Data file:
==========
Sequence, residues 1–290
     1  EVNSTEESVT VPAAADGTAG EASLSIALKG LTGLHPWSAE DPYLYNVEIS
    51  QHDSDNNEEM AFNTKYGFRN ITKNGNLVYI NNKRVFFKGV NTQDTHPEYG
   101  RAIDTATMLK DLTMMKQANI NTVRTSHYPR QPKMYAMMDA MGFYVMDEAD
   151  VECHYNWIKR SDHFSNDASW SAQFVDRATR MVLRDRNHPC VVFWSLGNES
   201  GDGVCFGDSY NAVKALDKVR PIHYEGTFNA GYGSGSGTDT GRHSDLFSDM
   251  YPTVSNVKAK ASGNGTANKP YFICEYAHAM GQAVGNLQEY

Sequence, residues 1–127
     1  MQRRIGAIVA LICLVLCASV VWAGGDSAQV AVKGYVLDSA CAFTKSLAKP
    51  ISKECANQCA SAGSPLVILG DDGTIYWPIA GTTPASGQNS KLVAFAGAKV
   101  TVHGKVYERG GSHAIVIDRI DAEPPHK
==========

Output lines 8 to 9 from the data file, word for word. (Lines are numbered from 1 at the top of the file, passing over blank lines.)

Sequence, residues 1–127
     1  MQRRIGAIVA LICLVLCASV VWAGGDSAQV AVKGYVLDSA CAFTKSLAKP